Halve the peaches, remove the stones and finely slice the fruit into little crescent shaped slivers. Pour the cream into a small bowl and add 2-3 tbsps of the saffron infused jam, mix the two together until you have a smooth paste. Spoon the paste on to the bottom of the pastry case and spread it out evenly, then lay out the peach slices so that they overlap and fill the tart.
Gently warm the remaining peach jam once again so that it bubbles (you want it to be liquid and syrup-y), then use a pastry brush to glaze the peach slices and the pastry rim of the tart (this will give the pastry a nice shine). Set the tart back in the oven to bake for a further 15-20 mins, until the pastry becomes golden and the fruit softens.
Roast Chicken Sandwiches with Homemade Mayonnaise and Tarragon
Homemade mayonnaise is incredibly simple to make and it tastes worlds apart from even the very best brands of store-bought mayonnaise. It is just a matter of a little patience, adding the oil little by little, and a steady hand for whisking (a freestanding mixer really helps here). Many people use a mix of olive oil and some kind of lighter, less pricey oil (like a groundnut or canola oil), but I just love the grassy taste that comes with a mayonnaise made from good olive oil, so I splash out.
Ingredients | Makes 6 sandwiches
1 tsp dijon mustard
6 small ciabatta rolls
small bunch of fresh tarragon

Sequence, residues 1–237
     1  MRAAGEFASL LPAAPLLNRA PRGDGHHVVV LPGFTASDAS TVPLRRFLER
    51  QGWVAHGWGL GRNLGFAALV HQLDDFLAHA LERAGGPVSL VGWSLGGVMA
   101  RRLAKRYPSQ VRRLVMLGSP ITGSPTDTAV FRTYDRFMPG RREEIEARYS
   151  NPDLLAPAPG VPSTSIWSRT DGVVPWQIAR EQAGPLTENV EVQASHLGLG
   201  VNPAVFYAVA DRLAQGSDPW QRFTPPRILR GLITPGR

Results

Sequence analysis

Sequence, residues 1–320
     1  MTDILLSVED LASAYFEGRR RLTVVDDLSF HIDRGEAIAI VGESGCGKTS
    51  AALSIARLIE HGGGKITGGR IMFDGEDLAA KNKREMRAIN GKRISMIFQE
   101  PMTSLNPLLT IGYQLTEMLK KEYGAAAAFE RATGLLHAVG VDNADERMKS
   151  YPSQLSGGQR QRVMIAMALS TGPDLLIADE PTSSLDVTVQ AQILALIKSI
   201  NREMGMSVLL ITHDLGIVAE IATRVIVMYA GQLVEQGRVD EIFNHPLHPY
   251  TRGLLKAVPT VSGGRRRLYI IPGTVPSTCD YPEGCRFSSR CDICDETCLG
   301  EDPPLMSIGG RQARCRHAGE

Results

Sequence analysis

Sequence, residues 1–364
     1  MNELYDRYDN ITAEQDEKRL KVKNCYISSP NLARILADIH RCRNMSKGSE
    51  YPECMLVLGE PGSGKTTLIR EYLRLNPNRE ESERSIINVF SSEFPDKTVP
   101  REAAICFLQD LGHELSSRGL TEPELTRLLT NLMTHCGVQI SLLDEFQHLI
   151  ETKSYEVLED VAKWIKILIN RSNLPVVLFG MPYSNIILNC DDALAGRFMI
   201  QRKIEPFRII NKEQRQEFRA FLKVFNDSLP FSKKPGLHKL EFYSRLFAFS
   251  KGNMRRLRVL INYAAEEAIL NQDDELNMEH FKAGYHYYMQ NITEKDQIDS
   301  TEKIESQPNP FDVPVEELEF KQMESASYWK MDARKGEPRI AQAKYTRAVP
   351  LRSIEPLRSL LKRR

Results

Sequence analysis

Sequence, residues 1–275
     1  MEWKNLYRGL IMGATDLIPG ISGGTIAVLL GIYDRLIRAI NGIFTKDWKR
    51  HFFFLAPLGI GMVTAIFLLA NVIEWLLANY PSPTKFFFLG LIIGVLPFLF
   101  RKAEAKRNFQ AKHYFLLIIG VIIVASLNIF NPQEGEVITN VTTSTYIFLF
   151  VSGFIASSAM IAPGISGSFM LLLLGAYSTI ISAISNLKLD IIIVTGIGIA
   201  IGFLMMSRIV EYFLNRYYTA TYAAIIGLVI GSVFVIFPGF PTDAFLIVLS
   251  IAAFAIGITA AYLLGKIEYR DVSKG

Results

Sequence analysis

Preheat the oven to 190 degrees centigrade. Lay the chicken thighs on a baking tray and sprinkle with salt. Set them in the oven to cook for one hour – when they are done, the juices will run clear. Set the chicken to one side to cool, and store overnight in the fridge if you like.
To make the mayonnaise, separate the eggs and toss the yolks into a medium sized mixing bowl. Discard the whites or use them to make meringues. Add the mustard and a generous pinch of salt to the yolks and begin to whip vigorously for about half a minute, until the. yolks become bright yellow. Now, slowly add a few drops of olive oil, beating all the while. As the oil blends into the egg, add a
few more drops and keep going like that. As the mayonnaise begins to gain bulk, you can speed the rate and quantity at which you add the oil, so that eventually
you’re pouring a fine, but constant stream of oil into the bowl, as you whisk. Store the mayonnaise for up to two days in a jar in the fridge. Make the sandwiches with the meat from the chicken thighs (I discard the skin, as I find it too greasy), a generous dollop of mayonnaise and a few tarragon leaves.
Broad Bean, Mint and Lemon Salad
At this time of year, it is lovely to use fresh broad beans – especially if you can get help in the kitchen to shell them. Failing that, I use frozen beans and increase the cooking time by just a smidgen.
Ingredients | Serves 6-8, as a side
500g shelled broad beans
3 tbsps olive oil
juice and zest of half a lemon
small bunch of fresh mint
Fill a saucepan with water, add a pinch of salt, and bring to the boil. Add the beans and boil for a minute or so, until they begin to float to the top. Drain the water in a colander and douse the beans in the olive oil and lemon juice. Add a generous pinch of salt to taste, and the lemon zest. When the beans have cooled completely, tear the mint leaves and toss.
Hungry for more? Check out the first part in our series, where Skye rustles up a delicious feast of thyme and olive oil focaccia, mini aspagarus and pecorino tarts and lemon and lavender cake here.